WASHINGTON, D.C. -- Utah and South Dakota residents are the most likely to express trust in their neighbors, with 85% in these states saying they would expect a neighbor who found a lost wallet or purse containing $200 to return it. Residents of Nevada and Mississippi are the least likely to express such trust, at 60% and 61%, respectively. In all states, a majority of residents would expect a lost purse or wallet to be returned.
These findings, encompassing more than 170,000 interviews from the first six months of 2009 reveal that nationwide, 70% of Americans express trust in their neighbors, but this varies within a range of 25 percentage points across states. Although not included in this ranking of states, District of Columbia residents, at 43%, are in fact the least likely to trust that a neighbor would return a lost wallet. The wallet question, inspired by the 1996 Reader's Digest experiment that involved dropping cash-bearing wallets in metropolitan areas, has been validated by economists including Stephen Knack as a measure of social or interpersonal trust. The lower level of trust in D.C. most likely reflects the fact that it is entirely urban, while states encompass a wide spectrum of urban, suburban, and rural areas.
Trust in one's neighbors is loosely associated with broad geographic region -- 8 of the 10 states where trust in one's neighbors is the highest are located in the West and Midwest. Six of the bottom-ranking trust states are in the South.
Trust also appears to be related to population size: 6 of the 10 highest-ranking states (Vermont, North Dakota, South Dakota, New Hampshire, Wyoming, and Montana) are among the 10 least populous states, and 5 of the states where social trust is lowest (California, Texas, Georgia, New York, and Florida) are among the 10 most populous states. California, New York, and Texas are also home to seven of America's largest cities.
Trust and Wellbeing Go Hand-in-Hand
Analysis of the relationship between neighbor trust and Gallup-Healthways Well-Being Index scores by state reveal evidence of a link between social trust and wellbeing. States in which high percentages of respondents said "yes" to the wallet question also tend to have higher levels of overall wellbeing.
Of the six sub-indexes of the Gallup-Healthways Well-Being Index, levels of neighbor trust are most closely related to the Basic Access Sub-Index, a measure of access to resources and services needed to lead a healthy life. Americans in 8 of the top 10 high-trust states reported above-average basic access. In all but two cases, Delaware and New York, those living in the lowest-trust states reported below-average basic access scores.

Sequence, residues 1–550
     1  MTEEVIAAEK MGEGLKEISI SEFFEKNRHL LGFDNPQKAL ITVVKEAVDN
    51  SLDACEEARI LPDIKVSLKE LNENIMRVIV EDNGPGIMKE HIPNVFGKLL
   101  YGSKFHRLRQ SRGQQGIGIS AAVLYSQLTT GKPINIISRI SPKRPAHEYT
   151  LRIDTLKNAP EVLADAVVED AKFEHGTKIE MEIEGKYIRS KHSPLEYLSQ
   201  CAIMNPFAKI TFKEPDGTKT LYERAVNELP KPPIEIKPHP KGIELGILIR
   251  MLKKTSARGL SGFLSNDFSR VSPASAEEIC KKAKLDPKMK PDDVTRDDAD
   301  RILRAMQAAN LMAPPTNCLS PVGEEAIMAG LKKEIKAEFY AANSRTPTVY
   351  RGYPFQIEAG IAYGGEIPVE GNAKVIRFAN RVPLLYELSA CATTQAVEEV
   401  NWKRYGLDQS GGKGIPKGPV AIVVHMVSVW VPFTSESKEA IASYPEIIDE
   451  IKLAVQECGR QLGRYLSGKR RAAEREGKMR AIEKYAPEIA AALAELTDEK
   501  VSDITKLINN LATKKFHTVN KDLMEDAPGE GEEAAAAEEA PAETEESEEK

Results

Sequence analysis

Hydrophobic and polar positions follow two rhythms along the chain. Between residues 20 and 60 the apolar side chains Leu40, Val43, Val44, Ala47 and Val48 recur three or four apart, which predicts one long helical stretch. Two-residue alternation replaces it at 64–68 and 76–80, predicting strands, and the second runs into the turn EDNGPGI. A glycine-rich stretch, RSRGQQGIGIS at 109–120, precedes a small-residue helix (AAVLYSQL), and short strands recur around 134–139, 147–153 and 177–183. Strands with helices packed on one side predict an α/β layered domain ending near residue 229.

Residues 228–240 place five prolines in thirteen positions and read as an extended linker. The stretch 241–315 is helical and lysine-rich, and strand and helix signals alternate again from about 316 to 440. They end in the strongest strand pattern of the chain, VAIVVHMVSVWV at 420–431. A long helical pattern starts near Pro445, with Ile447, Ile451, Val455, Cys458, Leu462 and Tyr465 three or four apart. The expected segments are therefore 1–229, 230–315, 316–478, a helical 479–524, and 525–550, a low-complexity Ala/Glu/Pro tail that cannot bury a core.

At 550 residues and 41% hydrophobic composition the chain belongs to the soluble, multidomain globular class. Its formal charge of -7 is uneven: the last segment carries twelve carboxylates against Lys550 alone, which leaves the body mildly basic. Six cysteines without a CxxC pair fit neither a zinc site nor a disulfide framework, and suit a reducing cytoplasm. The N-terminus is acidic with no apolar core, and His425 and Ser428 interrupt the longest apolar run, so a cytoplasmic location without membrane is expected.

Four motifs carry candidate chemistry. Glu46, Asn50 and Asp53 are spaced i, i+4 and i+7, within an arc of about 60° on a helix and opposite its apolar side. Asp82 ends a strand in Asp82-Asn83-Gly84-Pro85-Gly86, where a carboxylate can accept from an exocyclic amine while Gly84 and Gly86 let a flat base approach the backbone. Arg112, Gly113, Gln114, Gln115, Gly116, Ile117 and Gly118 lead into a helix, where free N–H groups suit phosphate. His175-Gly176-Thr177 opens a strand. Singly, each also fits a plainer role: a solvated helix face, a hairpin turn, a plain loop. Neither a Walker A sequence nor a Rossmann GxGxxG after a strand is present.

Seventy percent of Americans nationwide express trust in their neighbors, as measured by a question about whether a lost wallet (or purse) would be returned, but trust in one's neighbors varies greatly across regions. A number of Western and Midwestern states, along with other states with smaller populations, top the list of high-trust places, whereas Southern and highly populated states are more prevalent on the low-trust list. People living in high-trust states have higher overall wellbeing, possibly due to greater access to the resources and services needed to lead an optimal life.
Results are based on telephone interviews with 178,543 national adults, aged 18 and older, conducted from January through June 2009, as part of Gallup Daily tracking. For results based on the total sample of national adults, one can say with 95% confidence that the maximum margin of sampling error is ±0.3 percentage points.
For the state-level estimates, the margins of error range from ±1 percentage point in large states like California to ±7 points in areas with the fewest interviews like Wyoming.
Interviews are conducted with respondents on land-line telephones and cellular phones.
In addition to sampling error, question wording and practical difficulties in conducting surveys can introduce error or bias into the findings of public opinion polls.